Oakville MP makes sure Canada is covered, bringing into 105M COVID-19 vaccines for 2022 and 2023
Published August 16, 2021 at 7:06 pm
Oakville MP Anita Anand, also the federal Minister of Public Services and Procurement, made an announcement on Saturday (August 14) that the federal government has entered long-term contracts with both Moderna and Pfizer to bring another 105 million COVID-19 vaccines into Canada for 2022 and 2023.
Since all Canadians wishing to be fully vaccinated will be so likely by October or November, the announcement does beg a couple of questions.
That number means every eligible Canadian over the age of 12 will have access to three more vaccinations over the next two years.
On the federal government’s end, is this simply a “better safe than sorry” strategy while our homegrown Moderna manufacturing facility gets built?
According to Anand, that certainly sounds like the case.
At the announcement, she said, “Our government is continuing to work with leading vaccine developers in order to ensure that Canadians have ongoing access to a diverse portfolio of vaccines. This agreement will help to bridge Canada’s capacity to maintain a reliable and rapidly available supply of vaccines into 2022 and 2023 ahead of Moderna’s Canadian vaccine facility becoming operational.”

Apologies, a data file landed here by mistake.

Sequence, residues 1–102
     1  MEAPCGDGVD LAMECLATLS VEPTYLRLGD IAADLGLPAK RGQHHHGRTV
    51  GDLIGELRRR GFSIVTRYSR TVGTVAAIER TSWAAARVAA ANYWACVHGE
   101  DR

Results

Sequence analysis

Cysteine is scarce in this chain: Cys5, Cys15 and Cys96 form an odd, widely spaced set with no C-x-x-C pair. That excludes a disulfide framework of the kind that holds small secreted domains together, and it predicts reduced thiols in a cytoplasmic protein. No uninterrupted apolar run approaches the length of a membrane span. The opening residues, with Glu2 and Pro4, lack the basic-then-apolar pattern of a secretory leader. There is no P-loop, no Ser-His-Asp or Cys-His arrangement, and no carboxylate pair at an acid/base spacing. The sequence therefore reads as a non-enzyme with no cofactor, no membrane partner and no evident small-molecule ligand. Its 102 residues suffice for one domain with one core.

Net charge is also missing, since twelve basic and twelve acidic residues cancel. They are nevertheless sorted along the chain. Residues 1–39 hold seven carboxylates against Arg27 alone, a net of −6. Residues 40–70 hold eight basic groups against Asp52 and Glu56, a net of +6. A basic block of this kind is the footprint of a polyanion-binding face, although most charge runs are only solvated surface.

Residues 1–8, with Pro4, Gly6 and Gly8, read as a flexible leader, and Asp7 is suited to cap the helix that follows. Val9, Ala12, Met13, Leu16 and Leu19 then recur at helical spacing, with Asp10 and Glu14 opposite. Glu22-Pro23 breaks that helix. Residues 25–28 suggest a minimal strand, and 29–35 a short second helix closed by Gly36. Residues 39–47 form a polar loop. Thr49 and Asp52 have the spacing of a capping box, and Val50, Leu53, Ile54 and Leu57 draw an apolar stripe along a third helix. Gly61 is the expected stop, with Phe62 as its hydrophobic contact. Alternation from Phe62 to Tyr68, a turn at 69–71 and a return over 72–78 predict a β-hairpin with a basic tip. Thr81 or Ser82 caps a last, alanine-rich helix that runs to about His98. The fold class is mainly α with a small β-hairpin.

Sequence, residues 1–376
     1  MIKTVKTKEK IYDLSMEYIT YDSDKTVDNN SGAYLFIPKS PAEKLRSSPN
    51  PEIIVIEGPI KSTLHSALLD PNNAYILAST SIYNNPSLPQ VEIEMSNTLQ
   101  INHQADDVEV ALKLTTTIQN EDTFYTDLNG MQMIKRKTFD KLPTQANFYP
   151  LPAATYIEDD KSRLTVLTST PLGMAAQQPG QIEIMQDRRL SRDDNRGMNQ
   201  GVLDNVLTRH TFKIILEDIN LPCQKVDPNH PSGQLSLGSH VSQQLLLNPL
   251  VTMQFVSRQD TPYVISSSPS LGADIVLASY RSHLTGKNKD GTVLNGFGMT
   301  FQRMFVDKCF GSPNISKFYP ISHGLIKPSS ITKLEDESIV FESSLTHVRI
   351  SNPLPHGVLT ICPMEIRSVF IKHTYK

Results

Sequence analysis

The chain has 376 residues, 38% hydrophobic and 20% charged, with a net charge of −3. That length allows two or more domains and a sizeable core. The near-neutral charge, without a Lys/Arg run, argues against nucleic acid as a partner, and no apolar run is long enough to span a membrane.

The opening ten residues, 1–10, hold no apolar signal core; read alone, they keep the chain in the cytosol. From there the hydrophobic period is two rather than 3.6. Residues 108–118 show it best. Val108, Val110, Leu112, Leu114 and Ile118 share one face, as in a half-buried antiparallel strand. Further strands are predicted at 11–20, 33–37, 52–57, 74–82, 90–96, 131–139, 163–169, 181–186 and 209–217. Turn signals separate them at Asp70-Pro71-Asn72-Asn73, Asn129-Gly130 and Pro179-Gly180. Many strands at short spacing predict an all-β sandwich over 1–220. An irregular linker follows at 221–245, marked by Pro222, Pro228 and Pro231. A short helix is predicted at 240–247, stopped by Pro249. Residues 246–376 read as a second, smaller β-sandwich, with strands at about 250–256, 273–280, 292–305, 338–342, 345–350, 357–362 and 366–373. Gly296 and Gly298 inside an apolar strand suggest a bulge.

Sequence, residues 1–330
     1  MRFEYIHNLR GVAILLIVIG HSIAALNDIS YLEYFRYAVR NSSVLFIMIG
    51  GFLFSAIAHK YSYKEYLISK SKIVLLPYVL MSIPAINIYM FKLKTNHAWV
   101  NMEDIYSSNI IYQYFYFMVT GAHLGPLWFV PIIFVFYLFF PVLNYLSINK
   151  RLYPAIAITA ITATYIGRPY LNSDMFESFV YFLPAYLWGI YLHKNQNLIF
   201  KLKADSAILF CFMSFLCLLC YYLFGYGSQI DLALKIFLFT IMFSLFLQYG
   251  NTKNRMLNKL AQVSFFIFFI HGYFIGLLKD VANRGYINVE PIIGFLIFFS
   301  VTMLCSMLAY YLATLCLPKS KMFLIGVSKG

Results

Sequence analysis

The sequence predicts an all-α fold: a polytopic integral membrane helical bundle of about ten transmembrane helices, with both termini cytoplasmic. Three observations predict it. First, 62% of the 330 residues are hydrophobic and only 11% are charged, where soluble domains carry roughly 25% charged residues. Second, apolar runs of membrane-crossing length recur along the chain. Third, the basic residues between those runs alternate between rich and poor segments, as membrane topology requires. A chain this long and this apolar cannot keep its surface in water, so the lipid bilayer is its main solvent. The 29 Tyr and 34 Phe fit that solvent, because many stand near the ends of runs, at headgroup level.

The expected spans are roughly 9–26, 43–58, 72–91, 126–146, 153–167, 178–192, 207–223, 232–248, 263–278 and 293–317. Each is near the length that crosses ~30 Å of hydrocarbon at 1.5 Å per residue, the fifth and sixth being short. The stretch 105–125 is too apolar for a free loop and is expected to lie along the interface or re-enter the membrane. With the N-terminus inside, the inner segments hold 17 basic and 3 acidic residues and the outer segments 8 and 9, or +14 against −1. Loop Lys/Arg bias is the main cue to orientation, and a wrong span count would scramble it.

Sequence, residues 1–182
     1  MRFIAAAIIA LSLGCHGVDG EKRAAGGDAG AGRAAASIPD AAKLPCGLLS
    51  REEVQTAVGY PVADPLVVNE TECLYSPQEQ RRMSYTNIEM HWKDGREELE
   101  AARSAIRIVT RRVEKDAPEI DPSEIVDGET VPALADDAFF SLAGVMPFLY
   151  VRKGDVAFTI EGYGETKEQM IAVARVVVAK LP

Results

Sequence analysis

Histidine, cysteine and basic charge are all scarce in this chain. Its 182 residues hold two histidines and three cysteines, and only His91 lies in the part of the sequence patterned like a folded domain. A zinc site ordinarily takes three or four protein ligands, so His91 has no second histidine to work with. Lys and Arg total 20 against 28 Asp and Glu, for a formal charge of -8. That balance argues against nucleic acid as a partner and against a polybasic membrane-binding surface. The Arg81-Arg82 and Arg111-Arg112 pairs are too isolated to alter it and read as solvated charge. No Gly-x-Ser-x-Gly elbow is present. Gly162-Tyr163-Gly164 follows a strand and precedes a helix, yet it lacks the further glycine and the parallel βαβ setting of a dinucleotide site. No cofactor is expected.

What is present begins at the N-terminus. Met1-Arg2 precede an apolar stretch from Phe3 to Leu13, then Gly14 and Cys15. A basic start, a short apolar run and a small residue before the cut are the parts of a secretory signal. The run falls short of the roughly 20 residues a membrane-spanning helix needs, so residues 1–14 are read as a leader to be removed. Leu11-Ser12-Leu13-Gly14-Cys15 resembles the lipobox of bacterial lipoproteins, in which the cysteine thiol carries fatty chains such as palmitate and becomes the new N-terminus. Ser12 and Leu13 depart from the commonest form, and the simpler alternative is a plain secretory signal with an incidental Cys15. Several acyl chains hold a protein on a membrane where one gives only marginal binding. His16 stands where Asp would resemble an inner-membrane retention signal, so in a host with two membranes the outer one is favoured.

But does it also mean annual booster shots of COVID-19 vaccination are on the way?
The idea is not far-fetched. Most Canadians regularly get annual flu shots and a handful of medical experts have suggested COVID-19 booster vaccinations could loom on the horizon.
At this point in 2021, Health Canada has said a third COVID-19 shot is not harmful but not particularly beneficial, either.
As well, with the Delta variant rearing its ugly head through Ontario and Canada at the moment, it’s also not a stretch to suggest that COVID-19 could continue to mutate into different variants after Delta.
Either way, the 105 million extra vaccines are a guarantee that should COVID-19 return in a new variant or if something as simple as booster shots are suggested by the medical community and Health Canada, the country will have a ready supply.
The release said, “The agreement will allow access to new COVID-19 vaccine adaptations based on the evolution of the epidemiological situation in Canada.”
It concluded with the promise, “Canada will continue to follow scientific and expert advice to pursue future access to COVID-19 vaccines.”Insauga's Editorial Standards and Policies